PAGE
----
The majority of claims against employers, except those for personal injury, will be brought in…
Employment Tribunal Claims
The majority of claims against employers, except those for personal injury, will be brought in the Employment Tribunal. Typical examples of employment tribunal claims are claims for unfair dismissal, discrimination and disputes in relation to trade union memberships.
Starting a claim
The majority of employment disputes must first be referred to the Advisory, Conciliation and Arbitration Service, more commonly known as ACAS. The dispute will then undergo a process called early conciliation. This is intended to resolve a dispute before going to a formal tribunal. The ACAS process avoids the formalities of a tribunal and aims to help the parties reach a legally binding agreement. At early conciliation the Claimant will be given a certificate with a reference number
If the parties are not able to reach an agreement via ACAS the next step is for the Claimant to start their claim in the Employment Tribunal. This must be presented on Form ET1 and include certain information, including the ACAS early conciliation number or confirmation that there is an exemption from this requirement. The Claimant must also provide the names and addresses of the proposed Claimants and Respondents. Failure to comply with the requirements will lead to the Employment Tribunal rejecting the claim.
Responding to a claim
Following an accepted claim, the Tribunal will send a copy of the claim form along with the prescribed response form, Form ET3. The Tribunal will also send details of how to submit a response, when the response must be received and the consequences of failing to reply in time. A response must be presented using Form ET3 and failure to do so will lead to the response being rejected. A response may also be rejected if it does not contain the respondent’s full name and address, if it does not say whether the respondent wishes to defend any part of the claim, or if it is received outside the time limit.
If more time is required, the respondent must make an application to the Tribunal, setting out why an extension is necessary, along with a draft response or an explanation of why a draft response cannot be provided. The Claimant will have the opportunity to give reasons for an extension to be rejected and an Employment Judge will determine the application.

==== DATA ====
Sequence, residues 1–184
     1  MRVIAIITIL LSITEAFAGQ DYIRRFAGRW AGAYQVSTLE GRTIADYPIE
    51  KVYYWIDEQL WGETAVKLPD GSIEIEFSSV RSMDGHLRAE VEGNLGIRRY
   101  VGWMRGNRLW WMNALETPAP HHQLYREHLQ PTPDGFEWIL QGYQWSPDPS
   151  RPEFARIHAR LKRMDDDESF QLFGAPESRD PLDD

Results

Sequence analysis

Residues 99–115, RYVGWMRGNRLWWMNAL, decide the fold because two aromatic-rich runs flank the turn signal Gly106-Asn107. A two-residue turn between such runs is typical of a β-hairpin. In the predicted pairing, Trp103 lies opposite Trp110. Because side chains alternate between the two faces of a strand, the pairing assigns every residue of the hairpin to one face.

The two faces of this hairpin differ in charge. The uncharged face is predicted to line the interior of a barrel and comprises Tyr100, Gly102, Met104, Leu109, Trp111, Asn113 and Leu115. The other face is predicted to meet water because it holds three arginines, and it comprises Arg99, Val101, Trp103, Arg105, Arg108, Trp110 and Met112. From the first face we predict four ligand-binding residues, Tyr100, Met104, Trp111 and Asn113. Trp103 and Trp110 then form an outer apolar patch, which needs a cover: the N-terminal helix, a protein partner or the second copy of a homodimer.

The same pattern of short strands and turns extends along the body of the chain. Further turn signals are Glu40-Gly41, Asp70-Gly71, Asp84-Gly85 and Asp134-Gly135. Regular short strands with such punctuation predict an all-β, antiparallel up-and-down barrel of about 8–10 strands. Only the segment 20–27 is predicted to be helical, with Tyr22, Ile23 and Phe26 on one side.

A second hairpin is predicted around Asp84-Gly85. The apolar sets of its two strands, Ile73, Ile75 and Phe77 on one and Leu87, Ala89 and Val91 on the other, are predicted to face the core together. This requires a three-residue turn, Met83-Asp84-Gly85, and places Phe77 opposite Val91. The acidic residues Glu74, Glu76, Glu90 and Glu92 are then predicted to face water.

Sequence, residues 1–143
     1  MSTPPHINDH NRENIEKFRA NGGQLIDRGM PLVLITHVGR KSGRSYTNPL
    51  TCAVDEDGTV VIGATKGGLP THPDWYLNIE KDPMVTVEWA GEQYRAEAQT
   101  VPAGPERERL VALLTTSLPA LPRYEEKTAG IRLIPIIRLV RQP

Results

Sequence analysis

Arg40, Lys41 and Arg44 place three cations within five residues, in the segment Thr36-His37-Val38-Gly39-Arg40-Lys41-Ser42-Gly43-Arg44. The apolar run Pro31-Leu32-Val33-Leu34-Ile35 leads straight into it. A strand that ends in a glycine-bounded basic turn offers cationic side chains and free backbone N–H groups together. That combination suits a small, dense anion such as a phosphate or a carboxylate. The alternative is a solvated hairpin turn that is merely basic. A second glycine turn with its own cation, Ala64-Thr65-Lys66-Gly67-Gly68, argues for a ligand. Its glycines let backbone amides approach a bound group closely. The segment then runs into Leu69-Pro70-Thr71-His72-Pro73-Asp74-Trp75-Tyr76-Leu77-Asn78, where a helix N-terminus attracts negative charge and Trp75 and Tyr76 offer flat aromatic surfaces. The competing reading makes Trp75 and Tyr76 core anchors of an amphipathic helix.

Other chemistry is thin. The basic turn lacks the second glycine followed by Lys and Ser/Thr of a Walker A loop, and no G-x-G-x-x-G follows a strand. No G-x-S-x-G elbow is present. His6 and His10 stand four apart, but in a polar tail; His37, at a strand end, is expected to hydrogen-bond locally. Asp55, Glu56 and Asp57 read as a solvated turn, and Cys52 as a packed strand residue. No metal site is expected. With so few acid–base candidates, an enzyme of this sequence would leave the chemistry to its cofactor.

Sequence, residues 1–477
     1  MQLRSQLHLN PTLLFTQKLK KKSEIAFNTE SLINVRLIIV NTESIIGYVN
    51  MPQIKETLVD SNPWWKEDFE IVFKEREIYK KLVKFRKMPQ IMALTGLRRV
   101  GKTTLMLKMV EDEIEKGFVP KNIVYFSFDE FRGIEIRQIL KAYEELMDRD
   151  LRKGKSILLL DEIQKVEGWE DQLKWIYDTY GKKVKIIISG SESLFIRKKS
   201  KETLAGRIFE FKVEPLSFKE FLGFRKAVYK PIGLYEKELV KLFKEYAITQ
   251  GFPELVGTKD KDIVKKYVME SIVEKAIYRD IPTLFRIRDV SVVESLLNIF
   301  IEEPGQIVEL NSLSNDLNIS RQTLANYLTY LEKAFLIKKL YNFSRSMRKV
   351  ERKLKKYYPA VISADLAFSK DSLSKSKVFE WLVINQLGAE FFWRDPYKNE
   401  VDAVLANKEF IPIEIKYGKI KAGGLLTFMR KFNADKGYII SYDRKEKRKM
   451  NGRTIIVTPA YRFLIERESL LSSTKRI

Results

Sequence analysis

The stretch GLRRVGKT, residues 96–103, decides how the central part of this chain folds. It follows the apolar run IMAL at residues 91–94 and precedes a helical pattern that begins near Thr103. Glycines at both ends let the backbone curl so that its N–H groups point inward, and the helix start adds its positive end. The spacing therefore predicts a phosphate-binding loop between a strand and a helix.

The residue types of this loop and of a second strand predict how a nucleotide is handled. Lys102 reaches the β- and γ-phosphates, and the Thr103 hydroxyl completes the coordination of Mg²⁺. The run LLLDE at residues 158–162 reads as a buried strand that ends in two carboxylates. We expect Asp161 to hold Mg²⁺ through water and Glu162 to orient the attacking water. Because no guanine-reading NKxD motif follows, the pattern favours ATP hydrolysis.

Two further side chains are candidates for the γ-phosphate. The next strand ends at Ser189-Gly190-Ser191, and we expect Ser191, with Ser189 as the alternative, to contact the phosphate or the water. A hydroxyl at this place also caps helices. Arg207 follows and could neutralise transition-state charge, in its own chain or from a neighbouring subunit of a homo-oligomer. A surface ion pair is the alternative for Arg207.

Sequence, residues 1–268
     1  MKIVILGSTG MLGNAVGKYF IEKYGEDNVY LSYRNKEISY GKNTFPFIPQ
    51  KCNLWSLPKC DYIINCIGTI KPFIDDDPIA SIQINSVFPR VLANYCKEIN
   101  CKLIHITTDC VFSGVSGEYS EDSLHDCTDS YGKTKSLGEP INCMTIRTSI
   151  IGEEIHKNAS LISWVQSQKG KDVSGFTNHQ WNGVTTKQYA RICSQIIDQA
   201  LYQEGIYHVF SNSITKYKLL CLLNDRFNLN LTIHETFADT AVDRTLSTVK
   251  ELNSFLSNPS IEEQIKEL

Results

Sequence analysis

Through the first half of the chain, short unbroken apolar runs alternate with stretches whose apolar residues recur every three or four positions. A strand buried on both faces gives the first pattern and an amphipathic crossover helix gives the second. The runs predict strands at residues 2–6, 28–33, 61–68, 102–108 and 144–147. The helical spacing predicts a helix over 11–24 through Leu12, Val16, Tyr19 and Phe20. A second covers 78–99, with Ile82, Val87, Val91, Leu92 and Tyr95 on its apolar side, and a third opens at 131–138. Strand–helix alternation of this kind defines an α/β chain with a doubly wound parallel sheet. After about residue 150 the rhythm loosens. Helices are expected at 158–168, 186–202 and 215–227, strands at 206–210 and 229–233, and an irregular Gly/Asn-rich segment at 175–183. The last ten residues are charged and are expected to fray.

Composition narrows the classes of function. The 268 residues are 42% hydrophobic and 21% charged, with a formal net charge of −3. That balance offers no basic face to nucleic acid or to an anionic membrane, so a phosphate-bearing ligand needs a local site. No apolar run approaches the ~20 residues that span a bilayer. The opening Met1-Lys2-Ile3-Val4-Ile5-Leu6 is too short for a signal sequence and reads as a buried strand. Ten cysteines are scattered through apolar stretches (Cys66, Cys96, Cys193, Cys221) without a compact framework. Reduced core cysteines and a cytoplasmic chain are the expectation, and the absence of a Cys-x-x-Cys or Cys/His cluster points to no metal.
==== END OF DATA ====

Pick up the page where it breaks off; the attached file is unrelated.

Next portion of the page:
Failure to respond
If an employer fails to respond to a claim, or does not contest any of the allegations made, an Employment Judge will decide if a determination can be made based on the material available. This may be for all or part of the claim and a judgement will be issued if this is the case. If no determination can be made a hearing will be fixed before a Judge.
An employer who has failed to respond will still be given notice of any Tribunal hearings or decisions. They may also be able to participate in the hearings, but only to the extent that the Judge permits this.
If the employer’s response is accepted, the Employment Judge will consider the documents provided to the Tribunal, including the Claim form and the Response. This may result in the Tribunal producing a case management order, dismissing all or part of the claim, or dismissing all or part of the response. Claims will be dismissed if the Judge is of the view that the Tribunal has no jurisdiction. Both claims and responses may be dismissed if the Judge considers they have no reasonable prospect of success.
If, following initial consideration, the claim is to continue the Judge will make a case management order. This may require the parties to attend mediation, disclose documents or provide schedules of loss. It may also give instructions regarding expert or witness evidence. If necessary a preliminary hearing may be ordered.
Employment Tribunal hearings
Hearings in the Employment Tribunal are similar to those in a court, albeit with fewer formalities. The tribunal will consist of three members- an Employment Judge and two non-legally-qualified members. One of the non-legally-qualified members will have an employer’s background, while the other will have an employee background.
The Tribunal will decide whether the Claimant or Respondent will be heard first. Each party will have the opportunity to question the other’s witnesses after they have given evidence. After the evidence has been heard, the parties will be able to make closing submissions. The Tribunal will then make a decision. This may be given on the day of the hearing, or the Tribunal may require more time. If more time is required, the decision will be sent to the parties in writing.
Costs in the Employment Tribunal
At present, there are no fees payable to lodge a claim with the Employment Tribunal. In general, the Employment Tribunal is also a “no-cost” regime, where each party will bear their own solicitors or barristers fees.
There are exceptions and in certain cases the Tribunal may award costs against a party. This may include when a party has acted unreasonably during the proceedings, where a claim or response have no reasonable prospect of success. The Tribunal may also make an order for costs where a party has breached an order or caused a late postponement of a hearing.
Field Overell LLP have experience dealing with employment matters for both employees and employers. For more information and to discuss your case, contact our offices on 024 7622 9582.
This article is provided for information only and is not intended to constitute legal advice. No reliance should be placed on this article. You should always take legal advice from a qualified lawyer before deciding whether to pursue legal action.